Sorting out sibling squabbles

1 May 2018

Sorting out sibling squabbles

  • Siblings
by Michael Grose

If your kids constantly fight with each other, then don’t despair. All that emotional energy isn’t going to waste.

According to a recent study sibling fighting teach kids important conflict resolution skills. In fact, parents who stop their children from arguing may well be depriving them of important learning opportunities.

Researcher Laurie Kramer from the University of Illinois in the US found that kids who learned how to argue with their siblings had more advanced emotional development.

Anecdotally, it seems that sibling fighting is one of the biggest impediments to parents enjoying family life. Many parents tell me that if their children stopped bickering their lives would improve dramatically.

Many parents also worry that their children who fight with each other will not get along as adults. The evidence doesn’t support this view. The test for strong families is more about the willingness for kids to pull together when the chips are down, than the frequency of the squabbling.

Healthy families know how to fight well. When parents take an active approach to helping their children resolve their fights, they are teaching them a valuable life skill as well as reducing the incidence of fighting over the long term. Here are five practical strategies to use:

  • Model positive conflict resolution skills. Kids wear L plates when it comes to solving disputes. Some kids will yell, get abusive or even get physical when they are settling disputes.Show them better ways of sorting out problems by talking things through with your partner, other adults and with children. Let kids see you give way to others rather than continually standing your ground. Let them witness respected adults compromising and apologising when you’ve said something upsetting to your partner or your children. Modeling not only shows they way but gives permission for children and young people to do the same.
  • Focus on emotions. It’s easy to brush kids aside when they are genuinely upset by the actions or words of a sibling.When kids come to you for help, say something like:“Yep, it would make me mad too if someone said that to me.” Usually someone’s feelings get hurt when siblings argue so make sure you recognise their emotions without taking sides. This focus on feelings helps kids develop emotional literacy and promotes empathy.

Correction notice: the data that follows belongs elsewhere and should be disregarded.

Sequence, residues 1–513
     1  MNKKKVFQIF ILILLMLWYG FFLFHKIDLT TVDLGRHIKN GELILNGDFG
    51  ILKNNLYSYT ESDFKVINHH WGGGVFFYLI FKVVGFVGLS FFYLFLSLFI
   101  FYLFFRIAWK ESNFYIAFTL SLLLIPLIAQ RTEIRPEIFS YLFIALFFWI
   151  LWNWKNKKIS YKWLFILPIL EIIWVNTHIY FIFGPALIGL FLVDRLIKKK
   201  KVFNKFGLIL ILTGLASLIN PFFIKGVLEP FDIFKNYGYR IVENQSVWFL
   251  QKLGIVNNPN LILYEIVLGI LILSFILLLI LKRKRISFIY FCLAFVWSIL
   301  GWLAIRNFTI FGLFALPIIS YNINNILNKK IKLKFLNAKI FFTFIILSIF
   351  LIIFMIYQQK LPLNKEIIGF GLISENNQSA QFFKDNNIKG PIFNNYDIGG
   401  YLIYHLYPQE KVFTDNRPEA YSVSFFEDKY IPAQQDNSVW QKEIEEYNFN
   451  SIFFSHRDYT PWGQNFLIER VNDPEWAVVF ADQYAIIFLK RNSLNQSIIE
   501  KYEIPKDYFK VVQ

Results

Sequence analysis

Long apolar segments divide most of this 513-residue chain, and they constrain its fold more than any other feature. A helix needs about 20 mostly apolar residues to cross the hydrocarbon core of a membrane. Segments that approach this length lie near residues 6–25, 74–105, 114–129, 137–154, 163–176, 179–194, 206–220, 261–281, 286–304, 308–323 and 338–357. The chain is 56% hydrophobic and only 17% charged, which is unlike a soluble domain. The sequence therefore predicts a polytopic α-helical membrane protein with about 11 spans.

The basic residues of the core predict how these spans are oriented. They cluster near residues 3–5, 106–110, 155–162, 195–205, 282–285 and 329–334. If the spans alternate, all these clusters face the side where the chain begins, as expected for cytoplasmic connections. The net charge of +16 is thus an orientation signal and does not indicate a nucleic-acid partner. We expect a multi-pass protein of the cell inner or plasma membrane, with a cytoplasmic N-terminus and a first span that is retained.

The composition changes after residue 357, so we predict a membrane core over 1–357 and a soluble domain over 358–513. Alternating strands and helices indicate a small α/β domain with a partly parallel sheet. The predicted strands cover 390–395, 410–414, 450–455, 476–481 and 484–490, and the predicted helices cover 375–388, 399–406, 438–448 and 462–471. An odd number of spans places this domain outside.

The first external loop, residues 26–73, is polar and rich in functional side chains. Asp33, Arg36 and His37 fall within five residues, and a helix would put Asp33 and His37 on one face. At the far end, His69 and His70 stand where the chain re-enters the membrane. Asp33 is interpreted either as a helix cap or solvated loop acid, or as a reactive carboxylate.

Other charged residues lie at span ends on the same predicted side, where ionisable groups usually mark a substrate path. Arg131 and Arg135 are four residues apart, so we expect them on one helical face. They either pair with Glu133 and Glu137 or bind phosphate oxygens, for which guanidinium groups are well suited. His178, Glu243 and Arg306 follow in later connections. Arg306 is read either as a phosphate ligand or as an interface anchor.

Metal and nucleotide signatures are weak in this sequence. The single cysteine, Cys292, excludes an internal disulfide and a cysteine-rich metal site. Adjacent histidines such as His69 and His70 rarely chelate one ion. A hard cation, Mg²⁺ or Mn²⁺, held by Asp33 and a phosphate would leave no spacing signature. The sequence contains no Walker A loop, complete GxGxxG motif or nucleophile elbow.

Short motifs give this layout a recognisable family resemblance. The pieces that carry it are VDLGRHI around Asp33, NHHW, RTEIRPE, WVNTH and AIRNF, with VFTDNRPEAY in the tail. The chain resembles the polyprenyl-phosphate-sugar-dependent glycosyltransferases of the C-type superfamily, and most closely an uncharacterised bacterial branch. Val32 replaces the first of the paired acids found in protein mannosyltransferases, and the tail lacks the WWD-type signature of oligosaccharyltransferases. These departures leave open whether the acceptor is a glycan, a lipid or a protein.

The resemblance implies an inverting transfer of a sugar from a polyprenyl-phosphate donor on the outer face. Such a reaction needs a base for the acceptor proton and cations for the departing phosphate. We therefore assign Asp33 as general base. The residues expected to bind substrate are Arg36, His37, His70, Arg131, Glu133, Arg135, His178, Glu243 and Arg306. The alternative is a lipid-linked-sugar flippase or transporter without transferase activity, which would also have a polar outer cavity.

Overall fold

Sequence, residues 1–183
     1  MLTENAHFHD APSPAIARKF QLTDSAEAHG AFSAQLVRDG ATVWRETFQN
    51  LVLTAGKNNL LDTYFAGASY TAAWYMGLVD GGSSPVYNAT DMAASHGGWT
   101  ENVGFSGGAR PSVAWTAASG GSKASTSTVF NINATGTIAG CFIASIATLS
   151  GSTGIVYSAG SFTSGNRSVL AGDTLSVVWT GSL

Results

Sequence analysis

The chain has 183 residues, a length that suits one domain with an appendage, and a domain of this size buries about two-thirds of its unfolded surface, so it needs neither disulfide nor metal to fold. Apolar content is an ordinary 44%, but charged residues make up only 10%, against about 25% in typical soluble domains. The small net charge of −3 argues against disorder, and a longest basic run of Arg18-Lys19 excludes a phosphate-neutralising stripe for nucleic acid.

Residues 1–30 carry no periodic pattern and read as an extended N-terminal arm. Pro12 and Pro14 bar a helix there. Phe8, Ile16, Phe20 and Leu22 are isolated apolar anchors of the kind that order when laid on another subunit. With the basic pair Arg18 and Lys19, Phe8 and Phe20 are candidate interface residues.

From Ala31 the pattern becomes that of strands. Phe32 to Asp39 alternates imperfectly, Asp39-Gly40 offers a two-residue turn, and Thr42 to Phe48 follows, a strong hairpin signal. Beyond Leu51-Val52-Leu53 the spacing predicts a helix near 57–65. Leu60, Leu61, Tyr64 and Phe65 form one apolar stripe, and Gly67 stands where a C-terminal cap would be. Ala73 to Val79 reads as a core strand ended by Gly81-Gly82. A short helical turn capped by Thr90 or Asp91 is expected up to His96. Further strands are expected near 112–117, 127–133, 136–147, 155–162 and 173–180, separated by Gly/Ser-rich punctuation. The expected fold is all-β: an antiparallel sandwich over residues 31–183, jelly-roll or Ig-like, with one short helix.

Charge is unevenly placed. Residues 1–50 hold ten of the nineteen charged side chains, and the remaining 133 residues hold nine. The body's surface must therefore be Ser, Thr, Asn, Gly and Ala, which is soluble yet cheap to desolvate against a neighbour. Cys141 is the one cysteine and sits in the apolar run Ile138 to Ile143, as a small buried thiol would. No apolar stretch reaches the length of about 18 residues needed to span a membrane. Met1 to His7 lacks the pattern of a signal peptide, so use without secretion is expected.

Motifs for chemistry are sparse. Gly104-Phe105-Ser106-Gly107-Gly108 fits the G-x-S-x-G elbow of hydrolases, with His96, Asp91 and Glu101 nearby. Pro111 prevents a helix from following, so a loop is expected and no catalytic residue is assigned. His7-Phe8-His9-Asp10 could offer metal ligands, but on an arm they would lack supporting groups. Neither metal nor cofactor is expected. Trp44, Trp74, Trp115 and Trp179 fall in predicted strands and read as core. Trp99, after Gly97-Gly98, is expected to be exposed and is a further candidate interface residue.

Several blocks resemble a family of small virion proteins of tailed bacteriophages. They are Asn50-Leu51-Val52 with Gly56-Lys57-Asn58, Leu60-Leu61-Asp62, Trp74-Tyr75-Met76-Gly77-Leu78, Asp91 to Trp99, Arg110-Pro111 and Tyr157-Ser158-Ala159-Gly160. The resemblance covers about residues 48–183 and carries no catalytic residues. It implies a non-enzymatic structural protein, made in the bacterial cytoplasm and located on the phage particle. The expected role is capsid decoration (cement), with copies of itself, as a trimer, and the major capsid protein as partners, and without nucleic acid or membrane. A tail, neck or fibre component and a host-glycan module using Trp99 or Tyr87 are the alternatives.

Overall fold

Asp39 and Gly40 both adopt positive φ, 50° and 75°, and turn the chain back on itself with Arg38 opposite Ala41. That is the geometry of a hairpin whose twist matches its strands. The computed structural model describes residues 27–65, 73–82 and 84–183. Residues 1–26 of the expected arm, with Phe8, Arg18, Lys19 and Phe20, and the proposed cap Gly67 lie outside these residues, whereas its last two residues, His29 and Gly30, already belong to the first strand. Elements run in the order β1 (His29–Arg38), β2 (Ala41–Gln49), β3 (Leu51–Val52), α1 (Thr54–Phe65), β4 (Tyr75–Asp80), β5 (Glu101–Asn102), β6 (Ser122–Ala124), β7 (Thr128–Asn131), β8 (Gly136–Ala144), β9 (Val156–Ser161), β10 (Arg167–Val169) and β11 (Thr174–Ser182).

• Explain why siblings may have behaved the way they do. Kids are faulty observers and only see one side during disputes. It’s the job of parents to round out the picture, and help kids see that there are two sides to any dispute. Ask questions like, “What do you think she meant by that?”
  • Coach them on sorting out disputes. Kids need the chance to sort their conflict out themselves, but sometimes they need some coaching. Kids often invite their parents to take sides, which is usually counter-productive. Rather than trying to sort out who started an argument, focus on possible solutions. Give them suggestions such as taking turns, giving way, bargaining, swapping or even walking away.
  • Encourage them to restore their relationships. Kids often get over disputes far quicker than adults. They can be squabbling one minute and cuddling up the next, so it gets tricky intervening sometimes. However, there are times when you need to encourage a child to mend bridges with an aggrieved sibling. This can mean kids have to swallow their pride, admit that they may be wrong, make an apology or make some sort of restitution such as doing a special favour. This type of restoration means kids must take responsibility for their behaviours and is a sign of growing maturity.

Children without siblings can learn conflict resolution skills by spending time with other peers and friends, and having parents who are willing to argue with them without coming on to strong or laying down the law.

Conflict and siblings tend to go together like bread and butter. While sibling squabbles can be annoying, they also offer parents great opportunities to help kids to handle conflict effectively, which is a great life skill.


Get your blueprint for handling sibling fighting at my Sibling fighting: what to do webinar.

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Michael Grose

Michael Grose, founder of Parenting Ideas, is one of Australia’s leading parenting educators. He’s an award-winning speaker and the author of 12 books for parents including Spoonfed Generation, and the bestselling Why First Borns Rule the World and Last Borns Want to Change It. Michael is a former teacher with 15 years experience, and has 30 years experience in parenting education. He also holds a Master of Educational Studies from Monash University specialising in parenting education.